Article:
Overflow crowd at Penticton chronic pain symposium
Contributed/South Okanagan Similkameen Medical Foundation
Dr. Michelle Teo, a Penticton rheumatologist, addresses a chronic pain symposium before a packed house at the Shatford Centre on June 8, 2016.
Image Credit: Contributed
June 12, 2016 - 12:00 PM
PENTICTON - Management of chronic pain should be a priority health issue in our community, say those involved in a special chronic pain symposium in Penticton.
An overflow crowd of more than 250 people packed the Shatford Centre on Wednesday, June 8 for a chronic pain symposium featuring a panel of five Okanagan pain experts involved in a recent study into fibromyalgia.
The pilot study team, headed by Penticton rheumatologist Dr. Michelle Teo, yielded positive results using a multi-disciplinary approach to treating people with fibromyalgia.
Teo and Nelly Oelke, an assistant professor at UBC-Okanagan discussed the study results.
Dr. Dave Paisley, a Penticton family physician, outlined his additional training in chronic pain management and the approaches he uses to help his patients increase their functionality while reducing their need for pain medications.
Neil Pearson, physiotherapist and UBC clinical assistant professor, offered guidance in how to regain the ability to move with more ease in the face of persisting pain. Dr. Siva Raghavan described his role as an anesthesiologist who spends 25 per cent of his time treating patients at the Chronic Pain Clinic at Penticton Regional Hospital.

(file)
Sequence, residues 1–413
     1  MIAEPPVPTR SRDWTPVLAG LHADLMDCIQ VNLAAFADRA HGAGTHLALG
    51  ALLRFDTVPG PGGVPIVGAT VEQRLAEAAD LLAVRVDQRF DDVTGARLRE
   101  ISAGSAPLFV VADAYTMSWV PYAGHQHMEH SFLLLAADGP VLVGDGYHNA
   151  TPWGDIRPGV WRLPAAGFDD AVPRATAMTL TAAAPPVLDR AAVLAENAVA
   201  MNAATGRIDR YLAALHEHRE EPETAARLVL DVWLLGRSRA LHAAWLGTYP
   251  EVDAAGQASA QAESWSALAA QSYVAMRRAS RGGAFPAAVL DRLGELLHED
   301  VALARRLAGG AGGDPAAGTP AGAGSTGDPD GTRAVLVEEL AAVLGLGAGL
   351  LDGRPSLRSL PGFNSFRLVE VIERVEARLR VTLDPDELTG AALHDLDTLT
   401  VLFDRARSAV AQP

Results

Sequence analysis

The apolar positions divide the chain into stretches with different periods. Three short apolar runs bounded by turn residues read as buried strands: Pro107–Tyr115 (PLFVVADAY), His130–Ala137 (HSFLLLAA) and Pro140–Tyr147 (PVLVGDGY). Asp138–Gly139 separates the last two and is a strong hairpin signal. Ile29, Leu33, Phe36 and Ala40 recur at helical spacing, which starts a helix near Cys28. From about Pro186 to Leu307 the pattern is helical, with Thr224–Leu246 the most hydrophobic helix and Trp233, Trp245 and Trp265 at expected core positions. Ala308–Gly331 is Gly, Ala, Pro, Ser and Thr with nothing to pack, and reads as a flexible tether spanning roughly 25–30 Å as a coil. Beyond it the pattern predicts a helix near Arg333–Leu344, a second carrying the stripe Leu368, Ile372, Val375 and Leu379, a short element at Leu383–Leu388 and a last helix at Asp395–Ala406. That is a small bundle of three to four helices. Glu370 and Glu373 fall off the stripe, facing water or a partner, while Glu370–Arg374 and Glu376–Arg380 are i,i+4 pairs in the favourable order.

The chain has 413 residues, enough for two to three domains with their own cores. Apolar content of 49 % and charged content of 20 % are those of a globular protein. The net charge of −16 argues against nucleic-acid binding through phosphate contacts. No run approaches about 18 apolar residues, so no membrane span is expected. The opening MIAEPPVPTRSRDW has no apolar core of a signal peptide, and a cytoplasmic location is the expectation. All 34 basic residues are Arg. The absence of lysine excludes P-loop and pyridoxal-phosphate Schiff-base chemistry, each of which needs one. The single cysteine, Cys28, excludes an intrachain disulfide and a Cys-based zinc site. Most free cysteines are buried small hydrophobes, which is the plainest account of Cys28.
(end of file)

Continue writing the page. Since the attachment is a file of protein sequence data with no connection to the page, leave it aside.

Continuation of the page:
The panel of pain experts provided the audience with three take-home points:
1. Chronic pain is a complex and multi-faceted condition, yet there is hope and we have many resources available in the Penticton area
2. A multi-disciplinary approach is the best answer for people with complex pain conditions
3. Patient involvement in pain self-care, is as important as the expertise of health care professionals
Public comments during a closing question-and-answer period indicated resources are lacking to support those who live with chronic pain. People often don’t know where to go for pain education and are not aware of local self-help programs. Even discussing pain and its impact on lives is difficult.
The negative stigma associated with chronic pain, the local shortage of family physicians and the absence of mental health support are all barriers to living well again. The panel shared those concerns and echoed the need to develop and fund innovative chronic pain management models.
“Just as the challenge for a person in pain is to find and then persist with effective self-care techniques towards living well again,” said Teo, “our community needs to develop and offer effective programs for the 20 per cent of our population living in pain who mostly feel like they are on their own.”
Funding for the study and the symposium was provided by the South Okanagan Similkameen Medical Foundation.
News from © InfoTel News Ltd, 2016